It can be described as involuntary muscle contractions that are not coordinated with other muscles or as stiff muscles which resist passive movement; it can also refer to a wide range of involuntary muscle spasms.
Spasticity may also produce feelings of pain or tightness in and around joints, and can cause low back pain.
It is a condition in which muscle tone becomes greatly increased. Muscle tone is what enables people to move limbs or hold a position therefore people with this kind of spasticity can indeed stand up strongly however walking itself can be laboured.
What causes spasticity?
The regulation of muscles is a complex, finely controlled and delicate mechanism which involves the brain sending information to the muscles and receiving sensory feedback from them.
Spasticity can be very painful and, depending on the affected muscles, can result in an uncoordinated gait, stiff or deformed posture and shortening of the range of limb movement. It can be a permanent feature or brought on by a variety of factors such as fatigue, heat, humidity or infection or by sudden movements or position changes; it can even be triggered by tight clothing.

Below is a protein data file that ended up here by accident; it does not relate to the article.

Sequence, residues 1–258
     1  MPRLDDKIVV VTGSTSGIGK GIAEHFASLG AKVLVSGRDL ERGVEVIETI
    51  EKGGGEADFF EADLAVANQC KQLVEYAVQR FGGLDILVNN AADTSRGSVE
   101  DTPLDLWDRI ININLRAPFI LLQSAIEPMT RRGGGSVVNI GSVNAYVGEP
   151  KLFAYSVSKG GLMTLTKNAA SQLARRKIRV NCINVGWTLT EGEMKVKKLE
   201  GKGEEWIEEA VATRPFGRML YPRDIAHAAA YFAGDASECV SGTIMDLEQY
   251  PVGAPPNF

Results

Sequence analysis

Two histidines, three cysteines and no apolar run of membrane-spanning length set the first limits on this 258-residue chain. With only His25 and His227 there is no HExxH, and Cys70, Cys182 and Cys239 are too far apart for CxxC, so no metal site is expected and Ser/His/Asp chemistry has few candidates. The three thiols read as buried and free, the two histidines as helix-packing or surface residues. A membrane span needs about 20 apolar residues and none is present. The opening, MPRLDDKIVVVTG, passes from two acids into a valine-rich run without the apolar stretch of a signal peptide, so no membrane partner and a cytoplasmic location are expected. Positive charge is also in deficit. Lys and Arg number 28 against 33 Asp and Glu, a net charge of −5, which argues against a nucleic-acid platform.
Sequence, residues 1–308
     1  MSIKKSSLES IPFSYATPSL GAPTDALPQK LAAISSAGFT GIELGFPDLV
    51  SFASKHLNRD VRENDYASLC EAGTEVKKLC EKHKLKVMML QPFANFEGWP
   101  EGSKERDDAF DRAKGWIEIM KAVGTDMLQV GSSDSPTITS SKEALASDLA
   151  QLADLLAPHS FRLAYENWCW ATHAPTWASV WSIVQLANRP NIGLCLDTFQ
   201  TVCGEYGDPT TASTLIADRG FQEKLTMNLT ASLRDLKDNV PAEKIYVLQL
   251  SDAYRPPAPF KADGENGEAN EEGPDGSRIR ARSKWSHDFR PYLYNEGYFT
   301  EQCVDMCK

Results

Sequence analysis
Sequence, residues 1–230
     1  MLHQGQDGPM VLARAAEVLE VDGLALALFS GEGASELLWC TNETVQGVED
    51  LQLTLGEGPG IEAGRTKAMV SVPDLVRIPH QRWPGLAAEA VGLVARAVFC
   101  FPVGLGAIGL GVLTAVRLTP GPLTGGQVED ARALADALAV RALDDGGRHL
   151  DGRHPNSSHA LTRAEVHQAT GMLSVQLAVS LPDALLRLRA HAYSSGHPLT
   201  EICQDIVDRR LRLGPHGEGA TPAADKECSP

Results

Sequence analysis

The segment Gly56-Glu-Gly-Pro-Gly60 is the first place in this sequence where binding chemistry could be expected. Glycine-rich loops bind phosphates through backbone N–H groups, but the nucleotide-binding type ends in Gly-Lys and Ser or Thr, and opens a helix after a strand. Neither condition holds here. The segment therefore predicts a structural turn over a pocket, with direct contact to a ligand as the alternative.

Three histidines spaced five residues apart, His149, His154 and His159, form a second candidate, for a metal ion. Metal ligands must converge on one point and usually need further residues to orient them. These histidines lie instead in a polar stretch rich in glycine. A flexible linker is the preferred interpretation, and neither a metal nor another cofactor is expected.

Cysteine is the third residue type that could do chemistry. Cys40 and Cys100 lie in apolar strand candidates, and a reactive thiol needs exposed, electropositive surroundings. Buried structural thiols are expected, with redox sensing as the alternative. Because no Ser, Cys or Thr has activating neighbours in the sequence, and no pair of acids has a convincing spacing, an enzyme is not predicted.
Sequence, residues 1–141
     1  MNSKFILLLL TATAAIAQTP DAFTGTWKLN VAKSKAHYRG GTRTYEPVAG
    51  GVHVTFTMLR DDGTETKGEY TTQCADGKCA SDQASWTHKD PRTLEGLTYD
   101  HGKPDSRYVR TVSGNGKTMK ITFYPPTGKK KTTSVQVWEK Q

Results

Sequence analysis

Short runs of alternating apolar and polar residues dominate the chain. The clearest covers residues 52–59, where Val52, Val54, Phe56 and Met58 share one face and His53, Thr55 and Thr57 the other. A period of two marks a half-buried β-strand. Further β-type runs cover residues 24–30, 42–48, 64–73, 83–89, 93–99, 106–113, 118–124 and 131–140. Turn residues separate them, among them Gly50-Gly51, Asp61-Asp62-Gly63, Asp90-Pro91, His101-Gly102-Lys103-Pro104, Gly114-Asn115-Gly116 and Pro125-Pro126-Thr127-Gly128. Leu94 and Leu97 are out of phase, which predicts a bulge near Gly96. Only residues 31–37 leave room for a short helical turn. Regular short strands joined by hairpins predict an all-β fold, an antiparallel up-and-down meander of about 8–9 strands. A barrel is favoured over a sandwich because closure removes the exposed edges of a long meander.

Other symptoms related to spasticity are :-
Spasms - powerful uncontrollable muscle contractions which can be extremely painful and can be triggered in many ways e.g. coughing, sneezing or a full bladder
Contracture - when muscles become shortened and fix a limb in one position
How is spasticity treated or managed?
It is important to understand that left untreated, spasticity can lead to serious complications, including contractures i.e. frozen or immobilized joints and pressure sores.
Treatment by physiotherapy
Because spasticity varies so much from person to person, it should be treated on an individual basis by a personal physiotherapist whether it be as a referral from a Neurologist to a hospital physiotherapy department, or a private one.
I have suffered with this since 2004 .I see a neurologist and tried physio ,even tried accupuncture , ouch!